Again – why? How many other industries control the way their works are used? This is not a given.

3. We have the right to withhold permission for uses of our works on artistic, economic or philosophical grounds.

This is not the purpose of copyright law at all, especially since it’s supposed to be for a limited time. This, in fact, is a restriction on artistic expression. Though it may be troubling to have a work associated with something that you don’t agree with, I believe that freedom of speech is more important for artistic expression than total control.

There are defamation and libel laws for serious abuses.

4. We have the right to protect our creative works to the fullest extent of the law from all forms of piracy, theft and unauthorized use, which deprive us of our right to earn a living based on our creativity.

Theft and copyright infringement are not the same thing. And the sharing and spreading of music through digital channels is natural and, more importantly, does not deprive artists of their right ability to earn a living.

Bad, out-dated, obsolete business models based on artificial scarcity deprive artists of their right ability to earn a living.

(I’m not sure if this is a “right” because they seem to be confusing royalties and salaries.)

5. We have the right to choose when and where our creative works may be used for free.

Why? Coca-cola doesn’t have the right to determine whether its products can be given away for free as part of a promotion after a pizza store purchases them. This is not a given.

6. We have the right to develop, document and distribute our works through new media channels – while retaining the right to a share in all associated profits.

Wow, that started off great, but the ending sounds like Billy Bragg’s whining in the New York Times. The phrase “all associated profits” seems quite overarching. This sounds like musicians claiming that MySpace and Bebo owe them money for their success, while denying that the reverse could ever be true, that a new media company would be entitled to share in “all associated profits” of an artist it enables to succeed.

Double standard much?

7. We have the right to choose the organizations we want to represent us and to join our voices together to protect our rights and negotiate for the value of our music.

Excellent! I actually agree with this whole-heartedly. I do not want ASCAP to represent me!

8. We have the right to earn compensation from all types of “performances,” including direct, live renditions as well as indirect recordings, broadcasts, digital streams and more.

This sounds like Viacom’s misunderstanding of the difference between content and communication. ASCAP is treating the Internet like other forms of broadcast, but the Internet isn’t a broadcast medium. It’s a communications medium. When it comes to communication, the idea of using copyright to restrict content gets weird in a hurry. Royalties are not the answer for the digital age.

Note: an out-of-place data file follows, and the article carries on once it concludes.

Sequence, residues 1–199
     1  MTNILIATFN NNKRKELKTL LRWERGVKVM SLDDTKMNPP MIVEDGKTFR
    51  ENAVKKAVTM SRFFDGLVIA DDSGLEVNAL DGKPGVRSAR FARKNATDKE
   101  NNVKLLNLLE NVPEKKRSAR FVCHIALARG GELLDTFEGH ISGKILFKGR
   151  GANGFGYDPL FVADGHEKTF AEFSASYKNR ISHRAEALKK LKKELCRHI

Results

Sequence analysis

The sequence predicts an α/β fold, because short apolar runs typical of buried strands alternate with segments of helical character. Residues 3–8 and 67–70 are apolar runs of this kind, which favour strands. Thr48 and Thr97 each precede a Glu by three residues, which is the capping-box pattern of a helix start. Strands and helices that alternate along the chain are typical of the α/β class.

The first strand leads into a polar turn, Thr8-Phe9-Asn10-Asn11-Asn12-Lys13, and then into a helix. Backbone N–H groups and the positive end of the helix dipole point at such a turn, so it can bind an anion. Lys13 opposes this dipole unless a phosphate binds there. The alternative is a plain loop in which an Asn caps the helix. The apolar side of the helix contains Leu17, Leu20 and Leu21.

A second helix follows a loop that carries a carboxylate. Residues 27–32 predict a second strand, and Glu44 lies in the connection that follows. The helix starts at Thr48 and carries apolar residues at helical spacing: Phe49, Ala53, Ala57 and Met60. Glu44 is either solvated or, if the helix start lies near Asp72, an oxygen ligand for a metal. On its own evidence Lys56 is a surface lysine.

9. We have the right to decline participation in business models that require us to relinquish all or part of our creative rights – or which do not respect our right to be compensated for our work.

Sure you do, but that doesn’t mean you’ll make any money. Economics aren’t about what you want to happen, or what you think should happen. Economics are about what is happening. Business models that don’t make sense given the economics won’t succeed. Of course you have the right to choose whatever business model you like, but that doesn’t mean it will be successful or that it should be protected by copyright law.

The end of that statement sounds like another case of confusing royalties and salaries.

10. We have the right to advocate for strong laws protecting our creative works, and demand that our government vigorously uphold and protect our rights.

Of course you do, but again, I don’t think it’s a great idea if you subscribe to this “bill of rights”. Moreover, consumers also have the right to advocate for better laws that protect their interests and vigorously uphold and protect their rights, which our current laws fail to do.

Artists can advocate whatever they want, but it’s a bad idea to advocate the opposite of what your fans want.

Conclusion

This supposed bill of rights is really just an assertion of the status quo by those who depend on copyright law to protect their obsolete business models. If people in the music business could only realize that they’re in the business of providing an enjoyable experience surrounding music, rather than trying to control and monetize every possible use of art, they might open up to new business models that make sense rather than whine about the fact that their current business models don’t work anymore.

This isn’t a bill of rights. It’s a stage and symptom of the grieving process.

Signing this and, worse yet, living by it, would be an economic and ethical mistake for any songwriter or composer.